Hamlet is my favorite Shakespeare play for no other reason than I read it in high school and liked it better than Julius Caesar and Romeo & Juliet. It’s also the only Shakespeare play to be featured on Mystery Science Theater 3000, so that’s something.
When I learned that Dramaten was putting on a production of Hamlet, I conferred with friends, found what were maybe the last four seats (all together) for the season, and booked our nosebleed cheap seat tickets for March 3.
Because I’m pretty familiar with Hamlet, I thought a Swedish version would be a challenging test of my language skills and, in terms of translation, provide some food for thought. I wasn’t wrong. In fact, I was smarter than I realized to pick a play I already knew well, because my own background knowledge of the story was sometimes the only thing that helped me follow just what was going on despite the very modern language. (Though, sambo mentioned later that he also had problems following what people were saying, so part of it was certainly related to theatrical, dramatic elocution rather than to my poor Swedish. Part of it.)
The translation is a new one by Ulf Peter Wallberg, in the collectionDet blodiga parlementet. I might take a break from everything I’m reading now to dip into this and see if my reading comprehension fares any better than my listening.
One of my ongoing goals is to clear out my backlog of unread books. Burnt Shadows has been in my library since 2009 and might win the award for “gone longest without reading,” at least among the books I have left after numerous purges. The Wrath of Kon Mari.
Author: Kamila Shamsie
My GoodReads rating: 2 stars
Average GoodReads rating: 3.9 stars
Language scaling: B2+
Summary: The atom bomb brings together disparate families from Japan, India, England and Germany, leading to tragedy and betrayal in post-9/11 America.
Recommended audience: History buffs and international policy nerds who might want a narrative, fictional take on what they already know
In-depth thoughts: Is it bad manners to pan a book from your college writing workshop professor? I guess, but I’ll go ahead and bite the hand that fed me.
The current political atmosphere in the US, when the national paranoia stoked in the aftermath of September 11th, 2001 is once again on the rise, may have affected how I felt about everything. Maybe my own impatience with reading and wanting to get back on track with my book goals might have also forced me to rush and engage with Burnt Shadows differently than if I were just leisurely reading.
The story itself, about the thin threads of happenstance that connect people half a world apart, is intricate and fascinating and the multigenerational aspect of the story is handled really well, in that all of the parts that Shamsie includes in the story feel absolutely essential.
The sticking point for me was the characters. There are a lot, but it’s not their plenitude that I had an issue with. Actually, on a technical level, the multiple perspectives are handled masterfully. Usually switching perspectives within a scene is confusing and unnecessary, but in this case it works for Shamsie and brings essential information and development to the table.
But the reason that these perspective shifts work on a micro level might be why I was lukewarm about the book on a macro level. Maybe it’s easier to smooth the transition between “head hops” when all of the characters have the same inner narrative style: vaguely lyrical, poetic, refined. It’s not up there with the dialogue in John Green’s Kids With Cancer Falling in Love Makes For Rave Reviews Because Who Would Shit on a Story About Kids With Cancer*—each character’s language and thought process, in isolation, is completely believable; there’s nothing bombastic or ridiculous about any of it—but it does strain credulity a bit that everyone in Burnt Shadows looks at the world through similar metaphors and has essentially the same inner narrative voice. I was reminded a lot of A Death in the Family and why I rage quit that one years ago: characters were only surface-level different; they still all thought with the same voice and noticed and commented on the same sorts of things. That one was an atheist and another was religious had no real bearing on anything. They were all interchangeable.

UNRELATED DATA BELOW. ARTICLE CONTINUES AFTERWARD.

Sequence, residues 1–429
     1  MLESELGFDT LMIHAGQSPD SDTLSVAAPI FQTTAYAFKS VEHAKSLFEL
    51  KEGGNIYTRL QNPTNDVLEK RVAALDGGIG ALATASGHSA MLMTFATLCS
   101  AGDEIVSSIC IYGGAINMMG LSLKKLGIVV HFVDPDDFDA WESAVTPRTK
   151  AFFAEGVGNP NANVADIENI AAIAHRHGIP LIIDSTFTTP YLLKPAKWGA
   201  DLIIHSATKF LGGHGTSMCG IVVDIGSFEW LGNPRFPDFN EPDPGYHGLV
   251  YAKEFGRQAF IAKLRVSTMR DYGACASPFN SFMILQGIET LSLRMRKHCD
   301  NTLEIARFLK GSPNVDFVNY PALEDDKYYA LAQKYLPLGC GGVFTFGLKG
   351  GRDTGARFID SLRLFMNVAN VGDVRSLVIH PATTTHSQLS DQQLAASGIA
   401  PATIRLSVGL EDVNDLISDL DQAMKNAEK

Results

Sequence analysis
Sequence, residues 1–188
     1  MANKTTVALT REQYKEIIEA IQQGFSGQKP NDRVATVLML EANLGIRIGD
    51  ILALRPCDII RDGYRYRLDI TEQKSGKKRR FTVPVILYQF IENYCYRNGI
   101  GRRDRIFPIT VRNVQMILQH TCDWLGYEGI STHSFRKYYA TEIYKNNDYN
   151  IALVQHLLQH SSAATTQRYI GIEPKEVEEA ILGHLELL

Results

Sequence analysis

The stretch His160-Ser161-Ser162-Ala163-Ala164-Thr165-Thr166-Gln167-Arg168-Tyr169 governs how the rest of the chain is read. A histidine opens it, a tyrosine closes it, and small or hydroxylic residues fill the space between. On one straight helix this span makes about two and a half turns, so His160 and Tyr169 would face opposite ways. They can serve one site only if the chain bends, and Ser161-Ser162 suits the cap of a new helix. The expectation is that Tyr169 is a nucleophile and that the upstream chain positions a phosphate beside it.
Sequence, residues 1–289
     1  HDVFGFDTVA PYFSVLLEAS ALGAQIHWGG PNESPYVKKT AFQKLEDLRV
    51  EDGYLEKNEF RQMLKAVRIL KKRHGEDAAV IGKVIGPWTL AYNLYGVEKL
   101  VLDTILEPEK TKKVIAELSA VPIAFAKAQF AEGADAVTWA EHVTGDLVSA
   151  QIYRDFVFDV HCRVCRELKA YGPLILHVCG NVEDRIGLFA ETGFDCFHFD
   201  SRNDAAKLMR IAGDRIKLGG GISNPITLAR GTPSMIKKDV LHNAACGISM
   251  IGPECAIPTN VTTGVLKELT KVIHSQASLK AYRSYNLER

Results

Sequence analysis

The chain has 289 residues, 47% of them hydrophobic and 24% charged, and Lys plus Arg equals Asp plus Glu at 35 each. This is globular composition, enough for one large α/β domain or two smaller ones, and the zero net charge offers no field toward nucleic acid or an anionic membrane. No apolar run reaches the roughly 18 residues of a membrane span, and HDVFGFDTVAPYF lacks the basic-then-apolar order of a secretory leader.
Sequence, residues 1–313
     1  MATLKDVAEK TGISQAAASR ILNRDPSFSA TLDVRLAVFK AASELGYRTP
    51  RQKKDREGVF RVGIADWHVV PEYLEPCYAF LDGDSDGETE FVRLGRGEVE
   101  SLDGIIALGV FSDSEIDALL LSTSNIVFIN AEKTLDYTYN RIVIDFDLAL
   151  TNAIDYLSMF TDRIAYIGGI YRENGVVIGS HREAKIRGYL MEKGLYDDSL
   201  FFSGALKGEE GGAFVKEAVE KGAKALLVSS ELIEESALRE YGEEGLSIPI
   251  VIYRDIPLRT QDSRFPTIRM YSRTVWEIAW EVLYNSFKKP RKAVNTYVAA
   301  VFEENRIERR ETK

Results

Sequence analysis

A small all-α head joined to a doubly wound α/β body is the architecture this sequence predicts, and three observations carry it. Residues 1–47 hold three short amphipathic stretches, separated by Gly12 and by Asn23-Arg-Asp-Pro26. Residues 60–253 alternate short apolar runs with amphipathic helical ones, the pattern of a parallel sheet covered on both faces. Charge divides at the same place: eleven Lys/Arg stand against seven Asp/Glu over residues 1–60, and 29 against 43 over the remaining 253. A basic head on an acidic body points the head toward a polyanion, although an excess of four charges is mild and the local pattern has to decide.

There is also an element of melodrama in the writing that feels out of place for me. This is a story about really terrible things, like the atom bomb and Guantanamo Bay and Islamophobia and kids in military training camps—the extra layer of interpersonal melodrama feels unnecessary, and undercuts the gravity of the story.
I originally read The Boggart in elementary school, and then re-read it back in December, so no matter how you slice it I’m cheating a bit (or have fallen quite far behind) to bring it up for a book post in February. To which I say: come at me, bro.
Author: Susan Cooper
My GoodReads rating: 4 stars
Average GoodReads rating: 3.75 stars
Language scaling: B1+
Summary: The Vonik family inherits a castle in Scotland and brings a boggart with them back to Canada
Recommended audience: Fantasy fans; people who enjoyed Cooper’s The Dark is Rising series; Scottish mythology fans
In-depth thoughts: My occasion for re-reading this one was actually for work. One of my younger (former) students is very much into ghost stories and the like, and while I was trying to figure out the next thing I wanted to read, my eyes lighted on my battered Scholastic book fair edition of The Boggart. Mischievous ghosts and drafty Scottish castles? On brand!
I was right — it was a bigger hit than the other books I’d brought in — but my point here isn’t how I’m awesome at picking out books for students but about how much I haven’t grown out of this book.
I didn’t remember that much about it, except that it had a ghost and that ten-year-old me loved it. (How else would it survive countless book purges and a trip across the ocean?) The perfect time to re-read a book!
The first or second lesson I read along with my student, we got to a section about the titular boggart mourning the death of their very first human friend, and it choked me up. If your middle grade fantasy novel brings grown-ups to tears, then you’re a competent and accomplished writer. Also, points for using semicolons (happy semikolonets dag!) and having the characters’ mother apologize to another adult for being “bitchy.” We don’t have to banish semantic complexity or linguistic realism from children’s literature!